Tel Aviv was founded on the second day of Passover, 1909. A crowd famously gathered on the dunes on April 11 and dreamed of the rise of an ir metropolinit — a modern Hebrew metropolis.
The new white city, inhabited by “the new Jew”, was established to be as far removed from the religiosity and squalor of Jerusalem as possible. It will therefore come as a surprise that one of its founders was Zerach Barnett, a strictly Orthodox Jew from London’s East End.
Neve Tsedek, today a yuppified district near the Tel Aviv shore, was the first Jewish suburb of Jaffa, created in 1887. Three years later, in 1890, Barnett bought adjacent land to create Neve Shalom, the area, along with Neve Tsedek, that was to become Tel Aviv almost 20 years later.
Barnett arrived in the Holy Land 25 years before Theodor Herzl paid his first visit. Before he set about his Tel Aviv project, he established the strictly-Orthodox settlement of Mea Shearim in Jerusalem, and was one of the founders of the city of Petakh Tikva in 1878.
Still virtually unknown in Britain, this one-man metropolis-builder was actually born in Tytuvenai, a small village in Lithuania, in 1843, lived until he was well into his nineties and was buried in Jerusalem. At yeshivah in Lithuania, he was highly influenced by his teacher, Rav Avraham Kreiser, who “yearned to see the blossoming of our Holy Land and to participate in its upbuilding”.
In his long-forgotten memoirs, Barnett reveals that he did not want the shidduch arranged for him with Rachel Leah, daughter of Yitzhak HaCohen of London, because he ardently wanted to go to the land of Israel with his rabbi.
Eventually he settled for the match, and a life in Britain. He soon became involved in the founding of small shtibls in the East End, based on the Vilna model, which eventually amalgamated as the Federation of Synagogues.
Through initiative and hard work, he was able to build up a thriving business in the fur trade with contacts in Leipzig and Paris. He received his British passport after seven years in London and immediately made plans to travel to the Middle East. He left London in 1872, with his wife and his two-year-old daughter. On arrival, he was disappointed to discover only eight Ashkenazi Jews among the Sephardim of Jaffa — “not enough for a minyan”, he remarks.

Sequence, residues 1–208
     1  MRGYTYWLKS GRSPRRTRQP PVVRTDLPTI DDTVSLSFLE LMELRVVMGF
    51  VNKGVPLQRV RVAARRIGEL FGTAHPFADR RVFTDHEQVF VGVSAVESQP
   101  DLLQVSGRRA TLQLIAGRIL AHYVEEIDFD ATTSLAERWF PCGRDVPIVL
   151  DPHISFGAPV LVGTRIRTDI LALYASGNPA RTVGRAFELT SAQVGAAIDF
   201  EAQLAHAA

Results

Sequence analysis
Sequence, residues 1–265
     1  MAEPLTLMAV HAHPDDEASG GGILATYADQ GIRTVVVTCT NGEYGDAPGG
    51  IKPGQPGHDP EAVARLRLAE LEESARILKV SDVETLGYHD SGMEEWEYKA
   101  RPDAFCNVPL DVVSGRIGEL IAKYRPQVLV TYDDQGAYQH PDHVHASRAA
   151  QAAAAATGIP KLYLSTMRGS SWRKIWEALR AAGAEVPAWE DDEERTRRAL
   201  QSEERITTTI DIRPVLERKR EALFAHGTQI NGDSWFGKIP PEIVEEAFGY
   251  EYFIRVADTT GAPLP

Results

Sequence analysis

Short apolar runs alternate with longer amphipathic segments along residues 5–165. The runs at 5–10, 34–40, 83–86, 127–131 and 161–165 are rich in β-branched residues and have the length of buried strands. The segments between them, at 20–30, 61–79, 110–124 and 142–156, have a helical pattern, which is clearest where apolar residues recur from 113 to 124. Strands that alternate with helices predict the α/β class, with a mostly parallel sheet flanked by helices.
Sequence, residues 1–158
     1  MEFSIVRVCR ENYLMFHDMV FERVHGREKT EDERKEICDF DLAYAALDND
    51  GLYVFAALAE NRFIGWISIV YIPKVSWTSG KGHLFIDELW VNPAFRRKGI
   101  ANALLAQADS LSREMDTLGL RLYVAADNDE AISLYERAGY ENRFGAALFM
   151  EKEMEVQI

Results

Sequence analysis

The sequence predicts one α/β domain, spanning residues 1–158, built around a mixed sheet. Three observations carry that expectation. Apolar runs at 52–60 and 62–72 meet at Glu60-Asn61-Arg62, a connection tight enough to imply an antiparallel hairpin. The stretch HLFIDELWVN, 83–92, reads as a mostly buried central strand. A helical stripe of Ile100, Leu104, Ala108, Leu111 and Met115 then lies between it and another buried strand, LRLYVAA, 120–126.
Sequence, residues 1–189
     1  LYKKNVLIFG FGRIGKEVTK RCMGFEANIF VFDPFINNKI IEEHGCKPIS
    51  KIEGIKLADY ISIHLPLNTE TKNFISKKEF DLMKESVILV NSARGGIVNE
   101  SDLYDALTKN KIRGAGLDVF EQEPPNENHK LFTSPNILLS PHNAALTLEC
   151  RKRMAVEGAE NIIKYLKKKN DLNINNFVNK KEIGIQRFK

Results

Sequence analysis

This first visit to search out land for Jewish settlement led to another 14 in as many years, much to the consternation of his wife and growing yet unsettled family. His shuttling between London and Jerusalem was directed towards earning money in the British capital and spending it on land purchases in the Holy Land. His obsession was not received with encouragement by his friends. In London, they thought his actions ridiculous if not mad, in Jerusalem they were perceived as verging on the heretical.
His daughter, Hannah, recalled the disapproval felt by the Orthodox inhabitants of Mea Shearim in her memoir in the 1920s. “In their eyes, the duty of a pious Jew was to study the Torah and to wait for the restoration of Palestine by miracle, and all this talk of buying land, piece by piece, and of building and farming, was little short of sinful,” she wrote.
But Barnett persevered. In 1890, he purchased 70,000 square metres of land abutting the Arab neighbourhood of al-Manshiye, named it Neve Shalom and settled there permanently.
He started to build houses for the increased number of Jews living in dire conditions in neighbouring Jaffa, and in 1896, he finally fulfilled his life-long ambition of building a large synagogue in Neve Shalom, accommodating Sephardi, Ashkenazi and Chabad services in its different rooms. Now he finally had his minyan outside of Jerusalem.
Jewish Chronicle 16 April 2009